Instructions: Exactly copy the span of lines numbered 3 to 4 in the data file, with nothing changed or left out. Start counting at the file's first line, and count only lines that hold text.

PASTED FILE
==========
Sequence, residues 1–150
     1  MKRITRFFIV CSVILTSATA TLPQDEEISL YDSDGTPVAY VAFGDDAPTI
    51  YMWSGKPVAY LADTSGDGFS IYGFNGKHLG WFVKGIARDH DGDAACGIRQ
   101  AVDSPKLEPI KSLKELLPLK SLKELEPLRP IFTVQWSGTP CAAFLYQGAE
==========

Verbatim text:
    51  YMWSGKPVAY LADTSGDGFS IYGFNGKHLG WFVKGIARDH DGDAACGIRQ
   101  AVDSPKLEPI KSLKELLPLK SLKELEPLRP IFTVQWSGTP CAAFLYQGAE